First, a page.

A dog story!
J cosy at home with the vacuum cleaner!
I wanted to share with you one of the responses I have had from the last blog, it is the real stories of dog owners out there that need to be heard! I am sure the people with the dogs rushing up to ours don’t really want to upset our dogs, they just don’t know the impact they are having! Please send in your story?
“I wanted to agree with what you’ve said. You may remember J – chocolate lab with epilepsy, very nervously aggressive around other dogs after being attacked a couple of times by off the lead dogs when he was a puppy just after he started having fits. Sadly and the aggression / anxiety around other dogs just got worse with age. Training didn’t help, and eventually I took the decision to let him have a happy life away from other dogs. He is off the lead only in large, deserted fields. On the lead problems only arise if an off-the-lead dog comes up to us. I see a dog off the lead I call to the owner to get them to call their dog back before trouble starts, then walk in the opposite direction. This, amazingly, doesn’t always work, and about half the time I get a “oh, he just wants to play” response and the owner virtually encourages their dog to come to mine!
I have since found lots of other dog owners in the same position as me: we are often made to feel guilty about not letting our dogs off the lead around other dogs, or not having other “doggy friends”. It really is a bit much! When I walk J, I end up having to shout at other people’s dogs to get them away from him. Walking dogs off the lead with a “he / she won’t hurt your dog, they just want to play!” comment is totally irresponsible. Your off-the-lead dog may well want to play, but mine doesn’t! My dog is terrified of anything on four legs and is a nervous wreck if anything gets within 10 feet of him. I had some classes from you about this, where you advised me to shout at the approaching off-the-lead dog and walk the other way. This almost always works, but I end up with plenty of abuse from the other dog’s owner. My dog is only ever aggressive when other dogs approach him, and I want to protect him and these other dogs from each other. If dogs stayed on the lead around other dogs, it would be so much easier and dog on dog attacks would be much rarer.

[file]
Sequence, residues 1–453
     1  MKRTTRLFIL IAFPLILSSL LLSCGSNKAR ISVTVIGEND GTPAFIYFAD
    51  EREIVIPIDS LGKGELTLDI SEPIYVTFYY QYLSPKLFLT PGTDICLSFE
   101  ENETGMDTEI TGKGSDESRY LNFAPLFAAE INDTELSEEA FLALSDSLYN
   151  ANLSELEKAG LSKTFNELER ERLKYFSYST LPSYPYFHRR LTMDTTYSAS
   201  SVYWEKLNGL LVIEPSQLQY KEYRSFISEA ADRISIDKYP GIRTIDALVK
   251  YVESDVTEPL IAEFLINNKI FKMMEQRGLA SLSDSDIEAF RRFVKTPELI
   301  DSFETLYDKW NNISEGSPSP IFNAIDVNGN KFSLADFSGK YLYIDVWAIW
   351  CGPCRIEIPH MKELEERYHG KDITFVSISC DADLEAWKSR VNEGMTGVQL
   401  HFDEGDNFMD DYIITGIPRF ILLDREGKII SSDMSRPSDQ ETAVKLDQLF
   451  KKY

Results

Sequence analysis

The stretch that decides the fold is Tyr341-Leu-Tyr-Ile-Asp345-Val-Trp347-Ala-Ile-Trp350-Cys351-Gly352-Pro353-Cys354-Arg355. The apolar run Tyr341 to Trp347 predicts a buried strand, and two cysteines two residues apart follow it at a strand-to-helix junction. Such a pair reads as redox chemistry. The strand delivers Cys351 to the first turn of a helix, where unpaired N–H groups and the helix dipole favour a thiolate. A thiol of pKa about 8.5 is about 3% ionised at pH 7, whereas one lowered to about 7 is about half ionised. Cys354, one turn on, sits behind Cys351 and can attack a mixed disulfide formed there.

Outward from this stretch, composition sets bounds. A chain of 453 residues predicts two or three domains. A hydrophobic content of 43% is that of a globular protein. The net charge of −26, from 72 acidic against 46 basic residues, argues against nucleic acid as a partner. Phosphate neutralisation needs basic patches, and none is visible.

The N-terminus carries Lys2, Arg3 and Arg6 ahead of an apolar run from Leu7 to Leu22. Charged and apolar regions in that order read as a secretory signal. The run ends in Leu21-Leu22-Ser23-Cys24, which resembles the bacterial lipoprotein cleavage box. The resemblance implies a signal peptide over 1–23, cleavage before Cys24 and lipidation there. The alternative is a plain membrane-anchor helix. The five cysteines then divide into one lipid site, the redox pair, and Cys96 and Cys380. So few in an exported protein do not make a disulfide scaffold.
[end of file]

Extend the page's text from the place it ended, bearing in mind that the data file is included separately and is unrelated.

Unless owners have absolute control over their own dog off the lead (and in my own experience, that is rare as hen’s teeth!), dogs should be on the lead around other dogs. It is, frankly, arrogant to make the assumption that your dog won’t attack mine, or be attacked by mine: they don’t know each other and you don’t know my dog. Thank you for making this a New Year’s Resolution, and I hope everybody follows the advice.”